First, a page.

There are also positive changes. Many artists from the Arab or Muslim world are energized and want to reach people who may feel anxious or fearful about their cultures. They want to use music as a way to inspire positive connections and shift the conversation. More generally, the walls that used to separate genres and non-English-language music from the mainstream are slowly crumbling. I feel like younger music fans are open to new sounds and to exploring the world. I wish they got more information and exposure to the amazing music being made out there, but hopefully that will come with time, as the new streaming-based paradigm of music discovery comes into its own.
FEMMUISC: RPS does a unique showcase at SXSW. Tell me about the Pakistan showcase. How did it come about & how did you select artists for it?
TY: We worked on producing the showcase with partners in Pakistan, including the US Embassy in Islamabad, which has a really exciting set of initiatives to encourage musicians and musical events. The Pakistani partners chose the artists, which were a mix of pop, rock, and traditional performers. It was such a thrill to see festival goers getting down to qawwali music, or to devotional folk songs from Sindh. I really loved working with these artists and programmers; they are amazing, generous, warm people.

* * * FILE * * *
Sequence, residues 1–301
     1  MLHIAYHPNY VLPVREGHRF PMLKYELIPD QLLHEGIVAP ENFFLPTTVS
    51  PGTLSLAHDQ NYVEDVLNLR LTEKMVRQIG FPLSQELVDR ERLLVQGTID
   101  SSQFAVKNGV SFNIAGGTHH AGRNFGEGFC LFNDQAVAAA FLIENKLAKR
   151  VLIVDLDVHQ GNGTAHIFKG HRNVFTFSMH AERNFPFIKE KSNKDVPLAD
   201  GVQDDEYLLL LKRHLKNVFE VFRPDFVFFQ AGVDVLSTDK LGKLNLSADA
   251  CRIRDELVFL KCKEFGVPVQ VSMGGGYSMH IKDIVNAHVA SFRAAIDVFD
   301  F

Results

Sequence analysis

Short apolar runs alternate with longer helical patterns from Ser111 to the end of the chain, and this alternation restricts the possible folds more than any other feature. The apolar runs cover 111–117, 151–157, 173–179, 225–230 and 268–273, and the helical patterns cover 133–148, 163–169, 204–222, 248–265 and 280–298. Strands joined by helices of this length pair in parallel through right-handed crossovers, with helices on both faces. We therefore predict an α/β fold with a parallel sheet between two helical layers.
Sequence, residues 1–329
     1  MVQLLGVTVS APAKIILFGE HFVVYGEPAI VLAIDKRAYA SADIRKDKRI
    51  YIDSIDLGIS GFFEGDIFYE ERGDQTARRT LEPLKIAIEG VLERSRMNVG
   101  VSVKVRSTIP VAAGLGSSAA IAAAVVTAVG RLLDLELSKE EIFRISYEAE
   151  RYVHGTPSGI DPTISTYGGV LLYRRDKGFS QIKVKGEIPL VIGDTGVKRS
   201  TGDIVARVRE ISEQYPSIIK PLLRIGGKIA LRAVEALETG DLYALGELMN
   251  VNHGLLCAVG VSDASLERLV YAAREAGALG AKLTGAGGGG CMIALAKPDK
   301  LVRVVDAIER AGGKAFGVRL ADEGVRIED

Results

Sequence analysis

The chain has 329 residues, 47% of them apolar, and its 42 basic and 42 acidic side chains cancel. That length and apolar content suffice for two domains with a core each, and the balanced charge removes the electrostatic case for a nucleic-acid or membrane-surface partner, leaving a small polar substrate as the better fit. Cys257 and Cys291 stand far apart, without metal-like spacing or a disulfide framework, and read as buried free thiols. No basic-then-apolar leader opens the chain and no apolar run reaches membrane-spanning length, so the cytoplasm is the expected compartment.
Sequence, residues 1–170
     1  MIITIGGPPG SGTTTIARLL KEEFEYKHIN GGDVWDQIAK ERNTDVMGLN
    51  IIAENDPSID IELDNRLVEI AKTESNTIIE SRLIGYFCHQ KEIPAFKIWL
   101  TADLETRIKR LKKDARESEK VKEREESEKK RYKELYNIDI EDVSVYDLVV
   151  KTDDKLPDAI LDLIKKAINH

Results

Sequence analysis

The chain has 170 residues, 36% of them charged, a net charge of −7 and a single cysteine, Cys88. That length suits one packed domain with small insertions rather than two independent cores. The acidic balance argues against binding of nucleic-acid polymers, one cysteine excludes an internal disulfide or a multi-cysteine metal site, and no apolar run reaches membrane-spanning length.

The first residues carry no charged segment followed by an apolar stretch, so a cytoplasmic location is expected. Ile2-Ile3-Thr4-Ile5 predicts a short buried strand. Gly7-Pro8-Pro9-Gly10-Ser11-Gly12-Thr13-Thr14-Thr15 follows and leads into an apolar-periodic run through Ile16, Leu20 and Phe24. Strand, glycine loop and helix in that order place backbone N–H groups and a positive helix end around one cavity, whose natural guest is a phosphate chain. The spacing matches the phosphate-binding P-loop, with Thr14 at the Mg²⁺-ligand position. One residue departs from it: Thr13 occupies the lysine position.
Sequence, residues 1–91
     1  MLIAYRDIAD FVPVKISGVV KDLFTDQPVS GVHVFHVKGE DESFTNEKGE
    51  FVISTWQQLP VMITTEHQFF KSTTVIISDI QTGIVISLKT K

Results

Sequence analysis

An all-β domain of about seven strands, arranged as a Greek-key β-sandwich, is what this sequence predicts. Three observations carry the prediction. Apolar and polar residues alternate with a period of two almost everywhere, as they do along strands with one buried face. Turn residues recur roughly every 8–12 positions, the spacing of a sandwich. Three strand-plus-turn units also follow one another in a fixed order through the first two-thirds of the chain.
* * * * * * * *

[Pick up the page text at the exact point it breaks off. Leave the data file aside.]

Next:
FEMMUSIC: What is the biggest challenge working at RPS?
TY: Publicity is a peculiar game. You can work really hard at something, and not end up with results that reflect that incredibly investment. Sometimes, on the contrary, a project clicks and coverage seems to build on its own, with you simply arranging the details. That said, I often feel frustrated, as do many music journalists and fans for that matter, that there seems to be so little interest in covering complex, nuanced, or lesser-known music. People in the media are under tremendous pressure to produce rapidly, or to attract a gazillion eyeballs. Yet you’ll never learn how awesome Sudanese hip hop or Bengali jazz can be unless someone tips you off to it, and that will never lead to massive numbers of impressions or clicks. We need some other metrics and we need dedicated gatekeepers, friendly and thoughtful ones, pro and amateur, to spread the word and keep the conversation lively. Otherwise, it feels like one long Drake and Taytay fest, you know?